As 1954 began, Frankie Laine was loosening his grip on the charts, and it would be another two years before he topped them for the final time. On 8 January, trumpeter Eddie Calvert, from Preston in Lancashire, took over from Laine with his cover of Oh Mein Papa.
Oh Mein Papa was, as the title suggests, a German song. It was written by Swiss composer Paul Burkhard in 1939 for the musical Der Schwarze Hecht and became his most successful tune. It concerned a young woman remembering the days her father worked as a clown, and these days, you’re most likely to know it from an episode of The Simpsons, in which Krusty the Clown sings it with Rabbi Hyman Krustofsky (Like Father, Like Clown).
Albert Edward Calvert, born 15 March 1922, came from a family who loved brass band music, but he became particularly interested in the trumpet.
After World War Two, he graduated from amateur to professional dance orchestras. Calvert earned the nickname ‘The Man with the Golden Trumpet’ (aren’t they all golden?) after appearing on the TV with the Stanley Black Orchestra, and the name stuck for the rest of his career. He was a BBC radio and TV star by the time he cut his chart-topping version of Oh Mein Papa.
Oh Mein Papa did as well as Frankie Laine’s initial run at the top with I Believe, remaining there for nine weeks. Impressive, and somewhat bizarre, all things considered, but we’re only on 1954 and rock’n’roll was yet to change the world.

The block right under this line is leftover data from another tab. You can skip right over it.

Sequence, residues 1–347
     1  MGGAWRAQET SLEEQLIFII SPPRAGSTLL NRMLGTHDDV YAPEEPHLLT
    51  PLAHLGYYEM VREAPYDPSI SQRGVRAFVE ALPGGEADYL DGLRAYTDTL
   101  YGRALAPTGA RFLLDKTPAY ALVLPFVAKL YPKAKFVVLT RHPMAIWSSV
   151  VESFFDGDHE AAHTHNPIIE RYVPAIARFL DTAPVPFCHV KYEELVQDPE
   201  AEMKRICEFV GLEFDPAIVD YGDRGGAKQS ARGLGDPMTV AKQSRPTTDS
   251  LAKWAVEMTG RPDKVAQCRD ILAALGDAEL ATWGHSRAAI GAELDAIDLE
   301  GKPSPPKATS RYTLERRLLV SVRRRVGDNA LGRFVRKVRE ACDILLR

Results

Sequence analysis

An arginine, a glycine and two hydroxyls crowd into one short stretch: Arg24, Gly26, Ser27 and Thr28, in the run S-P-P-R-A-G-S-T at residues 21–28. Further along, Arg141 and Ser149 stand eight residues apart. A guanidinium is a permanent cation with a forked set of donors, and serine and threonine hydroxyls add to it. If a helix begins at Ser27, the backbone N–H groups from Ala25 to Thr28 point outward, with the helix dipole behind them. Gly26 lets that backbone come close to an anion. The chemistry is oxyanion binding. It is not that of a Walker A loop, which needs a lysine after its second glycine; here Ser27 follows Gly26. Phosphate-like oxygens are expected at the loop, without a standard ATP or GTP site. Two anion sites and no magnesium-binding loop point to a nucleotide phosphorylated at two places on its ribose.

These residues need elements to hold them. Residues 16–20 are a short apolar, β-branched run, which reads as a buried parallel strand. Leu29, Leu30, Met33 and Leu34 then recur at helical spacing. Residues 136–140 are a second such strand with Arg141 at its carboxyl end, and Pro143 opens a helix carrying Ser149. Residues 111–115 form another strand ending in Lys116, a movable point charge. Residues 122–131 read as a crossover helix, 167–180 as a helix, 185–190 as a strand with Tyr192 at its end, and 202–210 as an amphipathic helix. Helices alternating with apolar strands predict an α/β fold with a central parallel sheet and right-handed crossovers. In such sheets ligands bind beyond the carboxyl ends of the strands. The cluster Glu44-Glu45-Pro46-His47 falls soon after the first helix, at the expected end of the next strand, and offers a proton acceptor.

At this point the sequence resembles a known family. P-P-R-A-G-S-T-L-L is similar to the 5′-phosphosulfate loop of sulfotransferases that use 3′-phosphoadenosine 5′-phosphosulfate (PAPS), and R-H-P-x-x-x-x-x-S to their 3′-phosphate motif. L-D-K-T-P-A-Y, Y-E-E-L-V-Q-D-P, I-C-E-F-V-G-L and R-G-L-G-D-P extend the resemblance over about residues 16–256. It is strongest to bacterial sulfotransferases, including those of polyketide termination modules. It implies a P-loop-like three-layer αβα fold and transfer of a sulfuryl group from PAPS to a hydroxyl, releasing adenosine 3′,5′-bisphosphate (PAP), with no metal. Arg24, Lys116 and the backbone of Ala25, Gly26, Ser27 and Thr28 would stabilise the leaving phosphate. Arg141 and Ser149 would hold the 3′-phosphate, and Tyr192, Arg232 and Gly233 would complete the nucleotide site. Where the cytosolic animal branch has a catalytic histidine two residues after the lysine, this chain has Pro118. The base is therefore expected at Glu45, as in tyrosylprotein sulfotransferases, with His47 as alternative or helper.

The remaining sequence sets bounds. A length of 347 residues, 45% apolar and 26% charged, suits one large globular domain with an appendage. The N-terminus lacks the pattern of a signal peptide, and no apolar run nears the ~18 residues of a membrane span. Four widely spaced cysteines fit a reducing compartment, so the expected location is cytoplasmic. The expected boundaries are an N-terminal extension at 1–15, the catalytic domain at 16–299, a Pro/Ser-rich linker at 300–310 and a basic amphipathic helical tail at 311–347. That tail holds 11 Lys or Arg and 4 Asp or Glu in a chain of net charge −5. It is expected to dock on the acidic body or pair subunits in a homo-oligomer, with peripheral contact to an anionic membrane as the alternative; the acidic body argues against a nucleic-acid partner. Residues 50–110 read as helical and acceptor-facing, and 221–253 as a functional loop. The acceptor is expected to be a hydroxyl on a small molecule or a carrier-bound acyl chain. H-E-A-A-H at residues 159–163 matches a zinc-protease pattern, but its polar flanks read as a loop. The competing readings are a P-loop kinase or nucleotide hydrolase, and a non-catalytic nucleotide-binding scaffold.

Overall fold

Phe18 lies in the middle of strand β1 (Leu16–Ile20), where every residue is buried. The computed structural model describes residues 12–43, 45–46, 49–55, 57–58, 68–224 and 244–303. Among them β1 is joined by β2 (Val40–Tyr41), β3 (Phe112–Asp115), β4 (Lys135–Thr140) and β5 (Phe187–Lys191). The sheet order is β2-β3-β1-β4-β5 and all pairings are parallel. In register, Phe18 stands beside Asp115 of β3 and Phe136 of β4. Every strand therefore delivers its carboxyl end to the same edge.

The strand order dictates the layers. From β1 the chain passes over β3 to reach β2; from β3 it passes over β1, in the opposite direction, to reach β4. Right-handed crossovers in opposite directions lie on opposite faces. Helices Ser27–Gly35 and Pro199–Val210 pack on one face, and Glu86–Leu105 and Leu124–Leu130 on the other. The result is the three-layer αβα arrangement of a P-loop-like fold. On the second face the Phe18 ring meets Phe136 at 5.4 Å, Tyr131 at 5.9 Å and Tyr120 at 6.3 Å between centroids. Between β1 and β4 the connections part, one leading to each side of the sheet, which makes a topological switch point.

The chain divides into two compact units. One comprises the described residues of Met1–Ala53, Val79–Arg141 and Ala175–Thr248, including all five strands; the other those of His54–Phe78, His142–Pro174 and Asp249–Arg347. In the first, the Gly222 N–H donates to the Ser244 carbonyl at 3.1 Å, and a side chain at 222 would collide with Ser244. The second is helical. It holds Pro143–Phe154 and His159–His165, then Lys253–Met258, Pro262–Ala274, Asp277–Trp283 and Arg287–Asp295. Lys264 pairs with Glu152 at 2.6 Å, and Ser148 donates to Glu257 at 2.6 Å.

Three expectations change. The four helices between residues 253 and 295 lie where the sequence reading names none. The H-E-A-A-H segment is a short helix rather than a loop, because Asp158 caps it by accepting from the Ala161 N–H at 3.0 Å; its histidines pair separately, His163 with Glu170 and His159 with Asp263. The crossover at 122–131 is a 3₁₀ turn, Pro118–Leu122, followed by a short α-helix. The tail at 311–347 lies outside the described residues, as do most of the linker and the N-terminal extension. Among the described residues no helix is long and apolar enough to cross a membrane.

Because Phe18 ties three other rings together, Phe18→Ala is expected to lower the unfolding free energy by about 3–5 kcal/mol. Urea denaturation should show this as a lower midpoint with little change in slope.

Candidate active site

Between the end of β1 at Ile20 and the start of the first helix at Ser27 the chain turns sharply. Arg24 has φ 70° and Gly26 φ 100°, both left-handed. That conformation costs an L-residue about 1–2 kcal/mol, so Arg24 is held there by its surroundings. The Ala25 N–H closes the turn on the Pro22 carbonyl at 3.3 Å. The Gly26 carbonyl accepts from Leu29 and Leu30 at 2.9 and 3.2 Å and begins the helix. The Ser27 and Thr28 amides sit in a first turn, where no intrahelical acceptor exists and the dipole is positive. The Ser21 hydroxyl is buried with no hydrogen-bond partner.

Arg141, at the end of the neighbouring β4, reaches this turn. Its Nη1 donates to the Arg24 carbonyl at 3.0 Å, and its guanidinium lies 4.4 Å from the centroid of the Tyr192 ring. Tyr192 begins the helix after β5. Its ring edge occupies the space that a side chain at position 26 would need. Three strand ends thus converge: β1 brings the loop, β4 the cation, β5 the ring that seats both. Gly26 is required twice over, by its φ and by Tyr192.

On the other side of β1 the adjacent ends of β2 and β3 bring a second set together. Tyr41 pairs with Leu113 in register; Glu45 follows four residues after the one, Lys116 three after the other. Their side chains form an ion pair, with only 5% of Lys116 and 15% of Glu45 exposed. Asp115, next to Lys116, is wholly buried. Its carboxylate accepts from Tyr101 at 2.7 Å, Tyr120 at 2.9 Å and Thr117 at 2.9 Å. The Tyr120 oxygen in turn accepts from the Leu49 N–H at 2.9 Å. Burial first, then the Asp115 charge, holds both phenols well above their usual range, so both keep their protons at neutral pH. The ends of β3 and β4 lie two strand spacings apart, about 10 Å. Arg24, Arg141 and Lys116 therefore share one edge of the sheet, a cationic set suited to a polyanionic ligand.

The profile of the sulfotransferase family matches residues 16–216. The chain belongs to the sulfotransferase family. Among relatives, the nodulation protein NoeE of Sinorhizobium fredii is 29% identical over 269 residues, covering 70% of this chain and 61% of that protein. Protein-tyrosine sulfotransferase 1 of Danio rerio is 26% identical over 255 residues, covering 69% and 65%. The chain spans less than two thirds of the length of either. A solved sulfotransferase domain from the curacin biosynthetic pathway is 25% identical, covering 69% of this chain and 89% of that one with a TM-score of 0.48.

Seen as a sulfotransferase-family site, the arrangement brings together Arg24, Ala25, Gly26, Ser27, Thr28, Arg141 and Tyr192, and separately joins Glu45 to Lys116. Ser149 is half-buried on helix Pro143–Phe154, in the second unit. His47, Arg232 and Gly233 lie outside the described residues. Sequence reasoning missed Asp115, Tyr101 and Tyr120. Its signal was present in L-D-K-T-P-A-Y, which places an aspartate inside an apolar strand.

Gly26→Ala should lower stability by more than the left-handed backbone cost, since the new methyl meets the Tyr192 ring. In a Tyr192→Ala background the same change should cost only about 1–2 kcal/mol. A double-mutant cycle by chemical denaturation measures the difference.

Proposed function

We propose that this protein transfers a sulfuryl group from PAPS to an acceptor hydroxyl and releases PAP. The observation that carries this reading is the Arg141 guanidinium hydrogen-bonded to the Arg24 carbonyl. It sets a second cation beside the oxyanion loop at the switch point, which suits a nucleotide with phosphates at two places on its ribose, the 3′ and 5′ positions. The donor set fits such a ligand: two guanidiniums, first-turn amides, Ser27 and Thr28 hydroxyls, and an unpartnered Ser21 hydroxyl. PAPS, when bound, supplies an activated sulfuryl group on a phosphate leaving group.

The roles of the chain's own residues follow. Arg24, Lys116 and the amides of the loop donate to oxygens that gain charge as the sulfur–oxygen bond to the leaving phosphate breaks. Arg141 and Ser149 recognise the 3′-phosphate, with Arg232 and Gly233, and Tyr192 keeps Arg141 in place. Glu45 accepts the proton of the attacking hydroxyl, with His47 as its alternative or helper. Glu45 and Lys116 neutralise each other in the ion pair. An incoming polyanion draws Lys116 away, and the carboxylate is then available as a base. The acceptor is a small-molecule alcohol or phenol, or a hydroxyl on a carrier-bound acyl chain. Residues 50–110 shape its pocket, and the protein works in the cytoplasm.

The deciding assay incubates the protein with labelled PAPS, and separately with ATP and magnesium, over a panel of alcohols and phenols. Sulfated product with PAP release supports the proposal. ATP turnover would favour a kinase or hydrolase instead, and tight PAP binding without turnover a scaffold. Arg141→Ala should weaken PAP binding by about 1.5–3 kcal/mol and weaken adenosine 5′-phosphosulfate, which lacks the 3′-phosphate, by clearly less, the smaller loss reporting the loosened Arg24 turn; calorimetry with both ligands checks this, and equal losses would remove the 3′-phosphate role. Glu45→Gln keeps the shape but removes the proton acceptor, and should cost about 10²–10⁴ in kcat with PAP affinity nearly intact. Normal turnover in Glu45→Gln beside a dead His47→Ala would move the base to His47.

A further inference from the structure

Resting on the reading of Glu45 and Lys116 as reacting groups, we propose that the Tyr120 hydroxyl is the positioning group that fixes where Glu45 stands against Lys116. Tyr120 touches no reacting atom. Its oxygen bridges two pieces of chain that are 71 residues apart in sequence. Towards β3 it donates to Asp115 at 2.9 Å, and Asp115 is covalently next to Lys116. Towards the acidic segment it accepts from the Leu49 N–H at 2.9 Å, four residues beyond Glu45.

Although classed as an instrumental, a choir occasionally sing the song’s title. Other than Calvert’s trumpet, there is an incredibly dated-sounding organ. In the charts at the same time, was a vocal version by previous number 1 artist Eddie Fisher. Despite his previous success, he was unable to beat Calvert here, whereas in the US, the opposite occurred.
Calvert was the first artist to receive a gold disc for an instrumental record. It was also the first number one to be recorded at the legendary Abbey Road Studios, which was a good few years off becoming the go-to studio for the likes of Cliff Richard and most famously The Beatles.
Written by: Paul Burkhard
Producer: Norrie Paramor
Weeks at number 1: 9 (8 January-11 March)
Writer Iain Banks – 16 February
Actor Anthony Head – 20 February
Snooker player Willie Thorne – 4 March
Swimmer David Wilkie – 8 March
Actor Sydney Greenstreet – 18 January
Royal Navy Captain Ronald Niel Stuart – 8 February
12 February: A report was issued by the British Medical Committee suggesting a link between smoking and lung cancer. It would be some time before the music world took any link on board.